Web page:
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Newly Discovered Sylvia Plath Letters Describe Abuse At The Hands Of Husband Ted Hughes

In Book News, Human Interest, News, Poetry, Sylvia Plath, Women by Sarah Lewis

Previously unseen letters from Sylvia Plath to her friend and former therapist give a personal account of the domestic abuse she experienced at the hands of her husband and renowned poet Ted Hughes.

The archive of letters was part of a collection gathered by Harriet Rosenstein, a feminist scholar who planned, but never finished, a biography on Plath (below). These letters were then put up for sale by a rare bookseller for a price of $875,000, which first brought them to the public’s attention.

Sylvia Plath

Source: Belfast Telegraph

The American born writer and poet, famed for her emotive poetry and semi-autobiographical novel The Bell Jar, committed suicide in 1963 aged just 30. Since then, critics have debated the extent to which Hughes’ infidelity at the time impacted Plath in her final years, alongside her pre-existing mental health problems that led to a previous suicide attempt in 1953. This discovery of the alleged abuse claims only adds fuel to the fire regarding Plath’s marriage to Hughes.

The collection centers around nine letters which detail the aftermath of Plath discovering Hughes’ infidelity with a friend of the couple, Assia Wevill, in July 1962. Also included are communications with Plath’s friends, including a correspondence between her close confidant and former therapist, Dr. Ruth Barnhouse, who is presented in The Bell Jar as one ‘Dr Nolan.’ This friendship continued after Plath’s move to England, and these new letters now demonstrate the warmth and humor in their relationship.

Sylvia Plath The Bell Jar

Source: Amazon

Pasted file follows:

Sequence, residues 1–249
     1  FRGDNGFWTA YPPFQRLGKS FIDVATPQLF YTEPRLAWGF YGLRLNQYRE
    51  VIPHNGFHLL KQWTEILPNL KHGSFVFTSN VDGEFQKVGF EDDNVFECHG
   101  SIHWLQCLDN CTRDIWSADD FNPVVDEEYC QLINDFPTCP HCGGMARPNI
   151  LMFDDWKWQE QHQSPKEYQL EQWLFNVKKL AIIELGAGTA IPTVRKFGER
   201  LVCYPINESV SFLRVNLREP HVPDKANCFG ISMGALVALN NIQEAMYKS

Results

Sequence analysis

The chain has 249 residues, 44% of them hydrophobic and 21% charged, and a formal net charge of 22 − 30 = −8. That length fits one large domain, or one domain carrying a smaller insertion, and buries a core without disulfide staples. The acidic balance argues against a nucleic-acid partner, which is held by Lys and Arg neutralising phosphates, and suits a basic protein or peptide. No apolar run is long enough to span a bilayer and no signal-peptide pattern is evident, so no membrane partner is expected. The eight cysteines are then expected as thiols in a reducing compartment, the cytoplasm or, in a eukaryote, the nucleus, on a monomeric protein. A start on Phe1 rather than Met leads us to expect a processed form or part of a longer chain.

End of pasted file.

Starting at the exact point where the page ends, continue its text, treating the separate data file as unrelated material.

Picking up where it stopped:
Although the insight into Plath and Barnhouse’s friendship offers a new perspective of the late poetess’ personality, the part of the collection to attract the most attention are letters that feature details of the physical abuse Plath described at the hands of Hughes, shortly before the 1961 miscarriage of the couple’s second child. This startling letter is dated September 22, 1962, the same month as the couple’s separation. In a further letter from October 21 of the same year, Plath writes to Barnhouse of how Hughes had told her that he wished she was dead.

This collection now offers an insight into a previously undocumented period in Plath’s life, written between February 1960 and February 4th of 1963, the final letter being written just a week before her death. A prolific diary writer, Plath’s entries from this period were destroyed by Hughes following her death, including the final volume she wrote, which he said was done to protect the couples’ two children. The couple are pictured below, on their honeymoon.

These letters have been approached with much interest by Plath scholars, including the author of Mad Girl’s Love Song, Andrew Wilson, a book which depicts Plath’s life early life. According to Wilson, the collection:

“shed(s) new light on the turbulent, controversial marriage between Plath and Hughes.”

What’s more, it was during this period that Plath wrote the collection of poems Ariel, now considered to be one of her most celebrated works, including the famous lines in the poem “Daddy” that are often interpreted to be about Hughes:

“I made a model of you, / A man in black with a Meinkampf look / And a love of the rack and the screw.”

Source: Amazon

Source: Amazon

But the debate as to the complete acknowledgement of these letters remains a heated one, with the Hughes estate, on behalf of his widow Carol Hughes, contesting Plath’s claims, calling them ”as absurd as they are shocking to anyone who knew Ted well.”

Either way, the letters have now been taken off the market, as a result of a lawsuit filed by the Barnhouse estate, claiming the letters belong to their property, whilst Rosenstein maintains that she was given the letters 47 years ago by Barnhouse herself.

For now it seems that the future of the letters, as well as an acceptance of their content, is yet to be decided.

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Featured image via Paste Magazine

h/t The Guardian